Login | Signup

Is a picture worth a thousand votes?

03.21.06 06:07 PM – Andy McDonald
In the congressional district where I grew up, there was a guy on the local political scene who was playing a couple of jokers short of a full deck. But everybody needs a hobby and this guys’ was running for the United States House of Representatives.

This perennial candidate (we’ll call him PC) inspired a black rage in the hearts of Democrats in our district. That’s because his name was just one letter different from that of a prominent congressman from our state.

PC tooled around town in a battered frigate of a station wagon. Large clapboard signs bearing his name were strapped perilously to the side panels of his car.

I spoke to PC once, but it was enough to determine that he was a disciple of Lyndon LaRouche – the guy who asserted, among other things, that Queen Elizabeth II and Prince Charles were operatives in a nefarious plot to traffic narcotics. When talking to PC it soon became apparent that the lights were on, but nobody was home.

Still, in crowded fields, PC’s vaguely familiar name won him the Democratic nomination for the house a stunning two times in a row, sending many a loyal Democrat to the brink of emotional collapse.

One of PC’s favorite campaign tactics was the ambush photo opportunity, whereby he would go to public events, meet a famous political figure, then insist on having his photo taken with them.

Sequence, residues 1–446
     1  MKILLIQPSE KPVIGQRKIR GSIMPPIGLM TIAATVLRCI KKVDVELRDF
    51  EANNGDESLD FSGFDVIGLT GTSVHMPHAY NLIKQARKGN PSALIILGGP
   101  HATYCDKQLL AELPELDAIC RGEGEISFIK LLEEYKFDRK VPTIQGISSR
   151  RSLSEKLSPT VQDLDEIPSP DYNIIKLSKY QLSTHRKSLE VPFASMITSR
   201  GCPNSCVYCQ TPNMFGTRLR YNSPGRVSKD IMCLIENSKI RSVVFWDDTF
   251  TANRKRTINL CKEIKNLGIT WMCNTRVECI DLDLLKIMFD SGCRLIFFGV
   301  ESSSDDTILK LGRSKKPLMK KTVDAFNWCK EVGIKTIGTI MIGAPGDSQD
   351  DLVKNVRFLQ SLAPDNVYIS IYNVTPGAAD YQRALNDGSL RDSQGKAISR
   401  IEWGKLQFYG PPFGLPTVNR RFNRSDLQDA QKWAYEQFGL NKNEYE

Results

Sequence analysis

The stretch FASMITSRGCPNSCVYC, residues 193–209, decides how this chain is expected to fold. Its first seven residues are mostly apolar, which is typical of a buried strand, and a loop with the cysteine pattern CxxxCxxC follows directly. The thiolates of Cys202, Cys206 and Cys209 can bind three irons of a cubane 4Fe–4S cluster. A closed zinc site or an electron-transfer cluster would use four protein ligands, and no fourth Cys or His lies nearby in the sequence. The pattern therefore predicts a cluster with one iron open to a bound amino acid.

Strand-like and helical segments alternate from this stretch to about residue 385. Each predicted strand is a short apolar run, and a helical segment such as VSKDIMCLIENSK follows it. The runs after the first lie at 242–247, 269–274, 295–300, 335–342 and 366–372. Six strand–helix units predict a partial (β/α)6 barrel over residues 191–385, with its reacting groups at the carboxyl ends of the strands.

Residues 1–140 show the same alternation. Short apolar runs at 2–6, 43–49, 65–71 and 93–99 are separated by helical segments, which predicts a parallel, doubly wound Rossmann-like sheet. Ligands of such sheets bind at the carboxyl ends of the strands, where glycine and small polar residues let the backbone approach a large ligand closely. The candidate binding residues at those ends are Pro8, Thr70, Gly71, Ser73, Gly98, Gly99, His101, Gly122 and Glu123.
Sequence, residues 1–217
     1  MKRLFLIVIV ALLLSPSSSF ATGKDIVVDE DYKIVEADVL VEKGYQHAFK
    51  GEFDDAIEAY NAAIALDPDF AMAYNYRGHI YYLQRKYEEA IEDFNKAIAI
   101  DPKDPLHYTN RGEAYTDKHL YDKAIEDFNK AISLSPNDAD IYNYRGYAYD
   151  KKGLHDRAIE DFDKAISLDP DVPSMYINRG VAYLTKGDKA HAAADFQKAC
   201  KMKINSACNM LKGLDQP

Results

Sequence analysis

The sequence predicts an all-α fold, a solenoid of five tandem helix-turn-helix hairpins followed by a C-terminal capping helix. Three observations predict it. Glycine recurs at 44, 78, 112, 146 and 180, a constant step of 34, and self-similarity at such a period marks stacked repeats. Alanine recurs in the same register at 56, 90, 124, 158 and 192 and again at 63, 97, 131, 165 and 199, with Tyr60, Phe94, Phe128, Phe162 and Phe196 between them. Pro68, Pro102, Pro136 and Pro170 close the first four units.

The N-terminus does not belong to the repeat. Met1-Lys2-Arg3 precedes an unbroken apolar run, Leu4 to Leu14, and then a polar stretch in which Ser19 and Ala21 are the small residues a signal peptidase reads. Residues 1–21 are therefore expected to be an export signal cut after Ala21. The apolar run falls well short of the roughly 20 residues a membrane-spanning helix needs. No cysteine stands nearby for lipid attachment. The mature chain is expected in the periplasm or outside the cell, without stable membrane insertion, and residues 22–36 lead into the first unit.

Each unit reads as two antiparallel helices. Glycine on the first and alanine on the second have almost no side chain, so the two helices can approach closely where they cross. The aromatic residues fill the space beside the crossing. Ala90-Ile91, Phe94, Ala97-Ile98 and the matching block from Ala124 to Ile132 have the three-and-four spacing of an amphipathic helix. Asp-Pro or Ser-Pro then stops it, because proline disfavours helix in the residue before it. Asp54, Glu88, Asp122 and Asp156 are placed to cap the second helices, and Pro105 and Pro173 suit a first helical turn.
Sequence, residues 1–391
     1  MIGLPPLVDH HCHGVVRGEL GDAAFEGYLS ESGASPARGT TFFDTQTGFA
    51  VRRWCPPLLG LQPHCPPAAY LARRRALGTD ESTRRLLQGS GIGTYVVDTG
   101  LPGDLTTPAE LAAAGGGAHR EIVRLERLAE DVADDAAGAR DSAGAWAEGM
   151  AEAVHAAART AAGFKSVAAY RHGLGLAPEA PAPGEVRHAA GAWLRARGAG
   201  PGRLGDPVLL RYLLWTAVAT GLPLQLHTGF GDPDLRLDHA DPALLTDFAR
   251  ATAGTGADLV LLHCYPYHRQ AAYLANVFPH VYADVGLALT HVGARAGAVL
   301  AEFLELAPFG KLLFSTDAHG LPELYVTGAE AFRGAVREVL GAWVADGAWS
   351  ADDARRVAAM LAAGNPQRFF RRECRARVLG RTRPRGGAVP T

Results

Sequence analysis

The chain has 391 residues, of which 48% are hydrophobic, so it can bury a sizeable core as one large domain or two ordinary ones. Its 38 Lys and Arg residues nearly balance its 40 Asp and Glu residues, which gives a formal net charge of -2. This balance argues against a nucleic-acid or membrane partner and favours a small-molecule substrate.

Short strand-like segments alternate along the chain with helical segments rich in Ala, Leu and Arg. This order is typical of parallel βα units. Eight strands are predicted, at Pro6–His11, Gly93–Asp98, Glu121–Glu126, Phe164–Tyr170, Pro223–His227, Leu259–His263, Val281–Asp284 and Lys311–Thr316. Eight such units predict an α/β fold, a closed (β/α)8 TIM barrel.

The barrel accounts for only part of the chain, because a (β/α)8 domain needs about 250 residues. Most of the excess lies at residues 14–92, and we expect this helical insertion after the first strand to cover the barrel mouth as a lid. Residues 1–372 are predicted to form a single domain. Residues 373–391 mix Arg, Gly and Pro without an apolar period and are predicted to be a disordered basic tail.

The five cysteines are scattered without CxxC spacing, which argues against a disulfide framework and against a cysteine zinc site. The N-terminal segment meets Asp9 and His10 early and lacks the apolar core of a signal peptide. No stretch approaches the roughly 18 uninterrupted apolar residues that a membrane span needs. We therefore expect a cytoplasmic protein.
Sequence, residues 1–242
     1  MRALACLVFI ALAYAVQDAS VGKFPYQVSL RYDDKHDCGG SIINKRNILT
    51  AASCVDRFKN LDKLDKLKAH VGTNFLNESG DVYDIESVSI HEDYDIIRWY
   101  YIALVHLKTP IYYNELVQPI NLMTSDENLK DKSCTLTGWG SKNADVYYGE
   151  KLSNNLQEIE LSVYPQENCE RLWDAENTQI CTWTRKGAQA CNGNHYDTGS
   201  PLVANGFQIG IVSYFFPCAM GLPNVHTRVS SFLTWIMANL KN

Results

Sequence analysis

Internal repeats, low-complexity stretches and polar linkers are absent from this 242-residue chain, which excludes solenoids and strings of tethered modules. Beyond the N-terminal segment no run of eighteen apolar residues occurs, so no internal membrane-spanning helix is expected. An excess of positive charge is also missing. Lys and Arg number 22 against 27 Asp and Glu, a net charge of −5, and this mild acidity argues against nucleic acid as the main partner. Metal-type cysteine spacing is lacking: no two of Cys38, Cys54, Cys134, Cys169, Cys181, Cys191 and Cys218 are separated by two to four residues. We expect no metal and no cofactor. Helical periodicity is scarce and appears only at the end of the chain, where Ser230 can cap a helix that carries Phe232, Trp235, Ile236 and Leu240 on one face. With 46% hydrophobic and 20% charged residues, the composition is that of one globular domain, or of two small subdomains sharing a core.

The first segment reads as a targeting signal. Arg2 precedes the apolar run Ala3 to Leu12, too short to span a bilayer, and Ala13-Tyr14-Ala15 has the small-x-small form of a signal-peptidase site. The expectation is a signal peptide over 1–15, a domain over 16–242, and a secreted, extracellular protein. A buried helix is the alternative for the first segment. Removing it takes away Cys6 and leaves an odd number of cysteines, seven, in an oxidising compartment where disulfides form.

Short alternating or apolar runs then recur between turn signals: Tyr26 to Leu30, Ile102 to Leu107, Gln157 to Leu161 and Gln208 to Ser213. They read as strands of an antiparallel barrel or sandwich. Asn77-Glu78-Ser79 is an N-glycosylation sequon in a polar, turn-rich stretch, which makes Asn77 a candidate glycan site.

One photo, which was employed in PC’s campaign ads, featured a puzzled Senator Robert F. Kennedy, who was pictured staring quizzically at PC as if to say, “What is this guys' trip?” PC was shown craning his neck in a tortured fashion, looking back at the camera in a desperate attempt to document his link to the storied Camelot dynasty.

You’ll see a lot of photos in local media as we approach election time, like Congressmen Ben Chandler posing with local officials, all of them grinning as they hold a faux check roughly the size of a beach towel.

We’ve seen photos of Ed Worley and Harry Moberly, Jr. posing with citizens to announce the disbursement of funds to some local group or non-profit. It’s a not-so-subtle message to citizens in the district: When money is being doled out, we’re working to get your share for you. Fair enough, I say. Somebody’s got to sit through those mind-numbing appropriations meetings in the legislature, so they might as well get credit for having done it.

But there’s an important distinction between the way PC used his photos and the way guys like Worley and Chandler use them. The latter two are demonstrating that they’ve done something for their constituents. PC’s objective was more self-centered – instead of proving that he’d accomplished something for someone else, he wanted to prove that he was somebody.

PC’s third bid for Congress failed after he tried to convert his home into the John F. Kennedy/Robert F. Kennedy Memorial Animal Shelter. He filled his residence with an unfortunate menagerie of animals he’d managed to capture, but the stench eventually became so bad that sheriff’s deputies and animal control officers raided his home wearing gas masks.

After that, Democrats in my district finally learned their lesson the third time. No matter how many pictures PC published of himself posing with the Kennedy’s, voters decided the images weren’t a testament to PC’s fitness for public office. Too bad the lesson was learned two elections too late.
Advertise with us by calling 979-3690